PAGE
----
We’re all familiar with the ‘Orange tide’ which lines the upper slopes of the Tours of France and Spain each year. These Basque fans hail largely from the lush emerald green regions of northern Spain and south-western France (coloured yellow on the map) where the mild climate and roads empty of traffic make it ideal for riding all year round. And cycling is a way of life here. Known as Euskadi in Basque and Pais Vasco in Spanish, this region is home to some 1,500 cycling clubs and thousands of cyclists. Both Spanish WorldTour teams are based in the region: Euskaltel-Euskadi in Bilbao and Movistar in Navarra (green on map: Nafarroa).
Children learn to ride in school and are taught the area’s cycling history as they grow up. Even the government promotes cycling, passing laws to designate cycling routes where cars must drive slowly and pass with extra care. In short, it’s a cycling paradise.
For the avoidance of doubt, I have only looked at races which are held in the Basque Autonomous Community – mauve on the map – that’s to say the three provinces of Araba (Alava, capital: Vitoria-Gasteiz), Bizkaia (Biscay, capital: Bilbao) and Gipuzkoa (capital: Donostia-San Sebastian).
Dig into the archives and you’ll find a very rich vein of races in the Basque Country. So rich that I doubt successful racers bothered to breach its borders. The inverse is also true as looking at the palmares one finds names which would win you the jackpot in Scrabble, if only proper nouns were permitted.
Only a few weeks ago it was doubtful whether this week’s races would be held as the economic crisis gripping Spain impacts on its rich history of racing. Fittingly a local bank, Sabadell Guipuzcoano, stepped in at the last moment to save the Vuelta el Pais Vasco and the Clasica San Sebastian, and funds were found for the GP Miguel Indurain. Elsewhere, races have been foreshortened or have slipped altogether from the schedules.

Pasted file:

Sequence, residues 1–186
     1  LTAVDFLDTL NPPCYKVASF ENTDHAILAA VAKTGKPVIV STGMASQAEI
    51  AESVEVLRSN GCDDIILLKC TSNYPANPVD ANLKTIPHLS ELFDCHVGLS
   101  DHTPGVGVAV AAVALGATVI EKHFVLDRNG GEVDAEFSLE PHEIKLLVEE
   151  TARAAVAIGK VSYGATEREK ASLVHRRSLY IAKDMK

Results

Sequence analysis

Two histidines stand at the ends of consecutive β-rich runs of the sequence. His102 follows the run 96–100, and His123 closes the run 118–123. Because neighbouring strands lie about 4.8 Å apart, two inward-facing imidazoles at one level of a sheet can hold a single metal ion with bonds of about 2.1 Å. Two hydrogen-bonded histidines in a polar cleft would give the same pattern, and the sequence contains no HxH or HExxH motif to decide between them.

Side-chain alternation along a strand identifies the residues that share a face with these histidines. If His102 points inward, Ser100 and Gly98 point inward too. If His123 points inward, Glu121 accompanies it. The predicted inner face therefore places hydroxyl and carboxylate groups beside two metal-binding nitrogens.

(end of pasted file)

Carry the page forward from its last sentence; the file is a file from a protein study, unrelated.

For example, the Euskal Bizikleta stage race, which was first held in 1952 and won by Frenchman Louis Caput. In 2005 it became a 2.HC stage race on the UCI Europe Tour and was last won in 2008 by Eros Capecchi. Thereafter, the race was subsumed into the Vuelta al Pais Vasco along with the GP Ayuntamiento de Bilbao.
The Subida a Urkiola one-day race, held in mid-August around the village of Durango, started in 1931 and featured two ascents of the Urkiola climb. It was held intermittently until 1984 and then every year until 2009, when it was won by Igor Anton (Euskaltel-Euskadi). It features on the palmares of riders such as Pedro Delgado, Andy Hampsten and more recently Joaquim Rodriguez and Leonardo Piepoli, who won four times between 1995 and 2004. It was a 1.1 race on the UCI Europe Tour but has slipped from the schedules.
Another race on the slippery slope is the one-day 1.1 GP Llodio–Clasica de Alava, which commenced in 1949. Its most recent winners are Samuel Sanchez (Euskaltel), Angel Vicioso (Katusha) and Santi Perez (Babot-Efapel) but organisers are still scrabbling to find the €70,000 they need to hold the race in a couple of weeks. It’s likely that this too will join the roll-call of lost Basque races which already includes the GP Liberacio de Ondarroa, San Sebastian to Madrid, GP Bilbao, GP Vizcaya, Subida a Aranzazu and Vuelta a Guipuzcoa among many others. Here’s a clip of Samu’s win in 2009:
One race thankfully still on the schedules is this weekend’s Klasika Primavera, the 58th edition of the one-day event, classified 1.1 on the UCI Europe Tour. It’s supported by WorldTour Teams Euskaltel, Movistar, Saxo Bank plus a host of Continental and ProContinental Teams. Alejandro Valverde (Movistar) holds the record with three wins (2003, 2004 and 2009) and 2010’s edition was won by Samuel Sanchez. Last year saw Jonathan Hivert (Saur-Sojasun) become its first French winner since Laurent Jalabert in 1995, when he outsprinted David Lopez (Movistar) and Nick Nuyens (Saxo Bank-SunGard) for the victory.